The Revd.

Matthew J Hughes

01689 856931

Associate Rector   

The Revd.
Stephen Broadie
 07722 428553

September Leader:  

At the beginning of this summer a group of churches put on an online event called ‘United Breaks Out’. This was a series of Bible Studies, worship songs and teaching sessions that were posted online, mainly available to view on ‘YouTube’, over a period of six days. It was an online version of an event called ‘New Wine’, which would normally be happening every year at the East of England Showground in Peterborough. At ‘New Wine’ around 12,000 Christians from all over the country gather together over a period of two weeks to worship, hear Bible teaching, pray together and also enjoy spending time with each other.

Of course, over the past two years it has been almost impossible to put on such events. Just as other events like Glastonbury or the Hyde Park Festival have been cancelled, or moved online, so ‘New Wine’ itself has been impacted by the pandemic. Nevertheless, many Christians and (in some cases) whole churches around the country gathered online at the end of July, and the beginning of August, to participate in the ‘United Breaks Out’ event.

At the heart of this event were a series of morning Bible teachings that were given by a pastor named David Parker. David Parker is an American pastor who has stepped back from leading his church in recent years, partly because of his own battle with cancer. Watching David’s Bible teachings each morning, it was moving to listen to his account of his own struggle with cancer, as he reflected on some of the hard sayings of Jesus. On the final morning of this conference, he reflected on the teaching he said many Christians found the most difficult to accept, and which is found in Matthew 6:25 – 34 and Luke 12:22-31. This teaching is summarised in Matthew 6:34: ‘Therefore do not worry about tomorrow, for tomorrow will worry about itself. Each day has enough trouble of its own.’ David Parker pointed out that there could hardly have been a time in history when there was more pressure to live your life at the level of ‘what you will wear’ or ‘what you will eat’. These are the very things Jesus tells us not to worry about.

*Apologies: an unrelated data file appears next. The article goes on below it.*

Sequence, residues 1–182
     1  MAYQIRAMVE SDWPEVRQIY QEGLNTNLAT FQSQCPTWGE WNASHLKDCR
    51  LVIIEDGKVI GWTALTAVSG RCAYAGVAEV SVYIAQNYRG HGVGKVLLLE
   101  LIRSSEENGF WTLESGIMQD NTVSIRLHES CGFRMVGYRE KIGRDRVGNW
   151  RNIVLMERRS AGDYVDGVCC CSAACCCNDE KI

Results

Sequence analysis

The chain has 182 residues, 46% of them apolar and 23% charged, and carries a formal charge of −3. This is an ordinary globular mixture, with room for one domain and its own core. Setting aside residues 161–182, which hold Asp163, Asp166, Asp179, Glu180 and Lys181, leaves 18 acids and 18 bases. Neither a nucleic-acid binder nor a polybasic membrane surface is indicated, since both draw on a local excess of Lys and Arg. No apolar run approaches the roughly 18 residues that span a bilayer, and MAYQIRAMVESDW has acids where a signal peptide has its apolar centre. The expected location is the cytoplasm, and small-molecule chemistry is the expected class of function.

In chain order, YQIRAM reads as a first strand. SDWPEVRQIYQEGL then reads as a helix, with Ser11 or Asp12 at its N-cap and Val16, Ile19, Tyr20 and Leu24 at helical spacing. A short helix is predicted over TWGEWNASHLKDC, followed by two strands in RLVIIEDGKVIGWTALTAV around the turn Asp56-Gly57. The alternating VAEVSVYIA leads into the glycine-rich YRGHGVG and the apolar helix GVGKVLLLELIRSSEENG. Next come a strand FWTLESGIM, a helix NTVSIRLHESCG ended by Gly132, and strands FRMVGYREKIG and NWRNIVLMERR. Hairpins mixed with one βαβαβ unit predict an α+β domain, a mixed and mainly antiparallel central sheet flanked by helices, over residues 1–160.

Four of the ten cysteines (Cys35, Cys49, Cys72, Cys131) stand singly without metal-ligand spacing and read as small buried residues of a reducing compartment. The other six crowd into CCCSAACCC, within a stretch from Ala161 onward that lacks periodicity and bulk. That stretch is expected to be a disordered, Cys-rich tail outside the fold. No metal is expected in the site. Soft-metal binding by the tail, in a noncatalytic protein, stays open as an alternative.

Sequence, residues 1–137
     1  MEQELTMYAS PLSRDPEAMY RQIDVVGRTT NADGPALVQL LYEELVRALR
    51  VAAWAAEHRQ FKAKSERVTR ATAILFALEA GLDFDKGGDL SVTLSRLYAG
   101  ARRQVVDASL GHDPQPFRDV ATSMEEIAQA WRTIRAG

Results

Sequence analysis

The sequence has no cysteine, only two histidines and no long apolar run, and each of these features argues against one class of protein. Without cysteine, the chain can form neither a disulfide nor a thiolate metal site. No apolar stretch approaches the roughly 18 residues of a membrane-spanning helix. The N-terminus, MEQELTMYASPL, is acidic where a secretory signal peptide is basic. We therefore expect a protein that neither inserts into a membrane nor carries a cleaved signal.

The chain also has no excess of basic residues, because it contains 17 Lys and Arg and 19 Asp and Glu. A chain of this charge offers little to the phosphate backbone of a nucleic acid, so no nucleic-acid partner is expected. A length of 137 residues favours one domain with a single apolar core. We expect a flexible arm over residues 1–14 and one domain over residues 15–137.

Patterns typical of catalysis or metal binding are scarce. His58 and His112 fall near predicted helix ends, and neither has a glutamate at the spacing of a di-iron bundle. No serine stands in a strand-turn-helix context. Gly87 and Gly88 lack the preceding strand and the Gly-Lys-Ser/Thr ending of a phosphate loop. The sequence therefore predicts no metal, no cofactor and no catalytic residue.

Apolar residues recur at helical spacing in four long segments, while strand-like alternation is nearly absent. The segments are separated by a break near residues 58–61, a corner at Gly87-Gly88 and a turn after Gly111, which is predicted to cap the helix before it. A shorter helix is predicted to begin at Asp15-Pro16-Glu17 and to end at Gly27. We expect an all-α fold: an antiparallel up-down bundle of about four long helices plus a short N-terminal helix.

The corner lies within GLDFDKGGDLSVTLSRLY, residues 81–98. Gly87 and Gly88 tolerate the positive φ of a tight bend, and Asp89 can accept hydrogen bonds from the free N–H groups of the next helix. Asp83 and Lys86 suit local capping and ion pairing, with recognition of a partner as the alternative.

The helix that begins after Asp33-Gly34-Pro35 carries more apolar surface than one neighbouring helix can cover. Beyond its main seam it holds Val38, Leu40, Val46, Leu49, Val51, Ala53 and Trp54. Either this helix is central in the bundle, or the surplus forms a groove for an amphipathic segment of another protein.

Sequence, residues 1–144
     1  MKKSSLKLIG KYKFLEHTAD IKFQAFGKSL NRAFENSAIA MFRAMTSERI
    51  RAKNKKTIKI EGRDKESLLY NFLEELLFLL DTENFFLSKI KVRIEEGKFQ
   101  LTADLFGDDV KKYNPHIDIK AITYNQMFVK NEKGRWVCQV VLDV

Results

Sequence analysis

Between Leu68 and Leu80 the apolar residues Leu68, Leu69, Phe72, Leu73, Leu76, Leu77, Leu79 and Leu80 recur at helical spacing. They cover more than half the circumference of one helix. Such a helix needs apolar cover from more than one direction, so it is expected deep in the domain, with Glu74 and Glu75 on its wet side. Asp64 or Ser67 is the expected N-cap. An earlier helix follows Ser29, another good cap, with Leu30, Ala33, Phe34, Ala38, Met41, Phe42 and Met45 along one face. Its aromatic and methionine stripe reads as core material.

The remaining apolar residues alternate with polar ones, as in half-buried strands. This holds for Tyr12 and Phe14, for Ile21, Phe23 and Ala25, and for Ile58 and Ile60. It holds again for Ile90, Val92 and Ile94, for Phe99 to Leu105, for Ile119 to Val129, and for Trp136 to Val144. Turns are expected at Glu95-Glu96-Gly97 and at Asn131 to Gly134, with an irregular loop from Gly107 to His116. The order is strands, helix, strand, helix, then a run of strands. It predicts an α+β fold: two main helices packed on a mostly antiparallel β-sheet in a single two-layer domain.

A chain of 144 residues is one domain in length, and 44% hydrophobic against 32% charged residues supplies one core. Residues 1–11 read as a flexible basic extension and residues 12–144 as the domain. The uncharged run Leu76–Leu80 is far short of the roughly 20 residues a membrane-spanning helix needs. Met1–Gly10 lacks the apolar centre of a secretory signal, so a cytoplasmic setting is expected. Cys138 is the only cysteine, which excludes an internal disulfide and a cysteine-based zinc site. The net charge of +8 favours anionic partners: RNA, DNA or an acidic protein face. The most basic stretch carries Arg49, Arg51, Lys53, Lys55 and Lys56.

However, in an age of social media, people are every day being encouraged to define themselves by ‘what they wear’. Moreover, in numerous cooking programmes both the art of cooking and the act of eating are also glamourised and portrayed in such minute detail that it is hard to remember that ‘life is more than food’. David Parker encouraged his listeners to be aware that life is in fact deeper than either of these things (clothes or food).

Jesus’ instruction to ‘not worry’ is an encouragement to look below the surface of our lives, to look deeper than we normally do. David talked about his own battle with cancer, and also about the process of ageing. He described movingly how these things had forced him to look deeper than the surface, as his treatments had inevitably had an effect on what he ate, and how he looked. He talked of having to grow his hair longer to cover over those patches where it had grown thin. He spoke of looking in the mirror and seeing his own appearance change dramatically over time. However he also spoke of some powerful encounters he had had with the presence of God in this time, sometimes at the darkest moments of his treatment, or his own suffering. These encounters with the presence of God were a powerful reminder of the deeper life that is always going on underneath the surface of our clothes and our body.

Viewed from this perspective, the teaching of Jesus is not a rod to beat our own backs with. Rather, it is an encouragement to take a different perspective. To step back from the level of ‘clothes’ and ‘food’ that we so often live our lives at. Can we instead be aware of the deeper level, the life of God within us that is always going on, like an underground stream?

As we head into September, and as restrictions continue to lift in a national situation that continues to be uncertain, may we find the ability to be aware of the deeper life of God within, to let go of some of those surface worries and anxieties, and to instead become aware of the presence of God with us in every circumstance.